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The Not-So-Secret Garden

  • Explore! Mural Arts students work on the mural in the terrace beside Bunting Hall.
    Explore! Mural Arts students work on the mural in the terrace beside Bunting Hall.
  • Maddie Sommers ’23 focuses on her work on the mural.
    Maddie Sommers ’23 focuses on her work on the mural.
  • The mural is brightening up what had been a drab, blank space.
    The mural is brightening up what had been a drab, blank space.
  • College President Kurt Landgraf chats with Chestertown artist Fredy Granillo.
    College President Kurt Landgraf chats with Chestertown artist Fredy Granillo.
  • President Kurt Landgraf gets ready to paint.
    President Kurt Landgraf gets ready to paint.
  • (L to R) Fredy Granillo, President Kurt Landgraf, and Andrea Vassar, the dean who came up with the mural arts concept as p...
    (L to R) Fredy Granillo, President Kurt Landgraf, and Andrea Vassar, the dean who came up with the mural arts concept as part of new student pre-orientation.
  • The students who are part of the Explore! Mural Arts program stop for a group photo on day three of their project.
    The students who are part of the Explore! Mural Arts program stop for a group photo on day three of their project.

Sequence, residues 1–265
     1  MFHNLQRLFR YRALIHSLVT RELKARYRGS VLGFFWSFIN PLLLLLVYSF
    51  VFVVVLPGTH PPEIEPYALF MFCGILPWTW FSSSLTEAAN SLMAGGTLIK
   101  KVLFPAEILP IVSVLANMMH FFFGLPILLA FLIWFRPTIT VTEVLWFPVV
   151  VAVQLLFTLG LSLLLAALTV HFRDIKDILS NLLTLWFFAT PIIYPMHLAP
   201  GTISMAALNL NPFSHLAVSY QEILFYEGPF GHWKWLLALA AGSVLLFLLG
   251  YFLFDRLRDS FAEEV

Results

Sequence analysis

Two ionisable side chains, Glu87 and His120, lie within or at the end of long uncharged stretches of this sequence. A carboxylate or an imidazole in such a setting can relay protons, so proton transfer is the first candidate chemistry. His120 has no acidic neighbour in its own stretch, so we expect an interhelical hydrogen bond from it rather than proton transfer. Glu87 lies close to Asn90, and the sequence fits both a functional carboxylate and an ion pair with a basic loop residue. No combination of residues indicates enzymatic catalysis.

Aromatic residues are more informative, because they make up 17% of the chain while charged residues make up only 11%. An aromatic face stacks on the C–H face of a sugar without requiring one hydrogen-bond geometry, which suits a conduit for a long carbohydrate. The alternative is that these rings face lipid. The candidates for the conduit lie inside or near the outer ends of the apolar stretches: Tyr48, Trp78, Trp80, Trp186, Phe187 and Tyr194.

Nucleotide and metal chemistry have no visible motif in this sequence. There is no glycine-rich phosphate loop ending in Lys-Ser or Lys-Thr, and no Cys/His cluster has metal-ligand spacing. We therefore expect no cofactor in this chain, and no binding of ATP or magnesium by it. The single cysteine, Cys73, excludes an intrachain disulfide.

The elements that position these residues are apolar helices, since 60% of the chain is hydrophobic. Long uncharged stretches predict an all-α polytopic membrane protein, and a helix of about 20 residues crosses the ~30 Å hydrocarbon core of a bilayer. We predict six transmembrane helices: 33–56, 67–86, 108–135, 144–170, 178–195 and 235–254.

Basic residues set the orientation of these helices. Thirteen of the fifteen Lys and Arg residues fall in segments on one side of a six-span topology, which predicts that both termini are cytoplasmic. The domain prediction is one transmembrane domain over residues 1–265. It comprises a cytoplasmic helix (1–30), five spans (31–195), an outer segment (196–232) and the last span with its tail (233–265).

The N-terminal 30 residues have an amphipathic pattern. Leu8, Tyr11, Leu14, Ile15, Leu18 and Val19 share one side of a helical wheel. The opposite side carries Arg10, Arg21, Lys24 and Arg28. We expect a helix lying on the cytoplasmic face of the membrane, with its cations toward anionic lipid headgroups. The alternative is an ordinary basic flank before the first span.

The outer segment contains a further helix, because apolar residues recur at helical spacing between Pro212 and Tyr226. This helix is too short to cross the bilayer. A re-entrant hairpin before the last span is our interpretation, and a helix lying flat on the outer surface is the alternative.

• Chestertown artist Fredy Granillo lends his hand to the mural.
    Chestertown artist Fredy Granillo lends his hand to the mural.
  • College President Kurt Landgraf adds his touch to the mural.
    College President Kurt Landgraf adds his touch to the mural.
  • Talia Gillespie works on her section of the mural.
    Talia Gillespie works on her section of the mural.
  • After adding plants donated by Unity Nursery, the new terrace garden mural is complete.
    After adding plants donated by Unity Nursery, the new terrace garden mural is complete.
August 21, 2019

As part of the College’s Explore! program for incoming students, a collaboration with local artist Fredy Granillo brings a boring campus wall into bloom as a beautiful public mural.

In a sun-dappled, bricked terrace beside one of Washington College’s oldest buildings—Bunting Hall—the mellow Latin music flowing from a speaker on a picnic table competes with the late-summer rattle of cicadas while students paint a garden. Some of them listen to their own tunes with earbuds in, others talk back and forth, but all focus on the work at hand—turning what had been a barren, boring wall into Washington College’s newest piece of public art, a mural depicting native Maryland flowers.

“The idea was to celebrate the diversity with the colors and the shapes and sizes,” says Fredy Granillo, the Chestertown artist who conceived the mural design and has been collaborating with WC staff since last fall to make this happen. “If you look at the mural you see small flowers, big flowers. The meaning is, it doesn’t matter what color or size, each is a part of the larger mural.”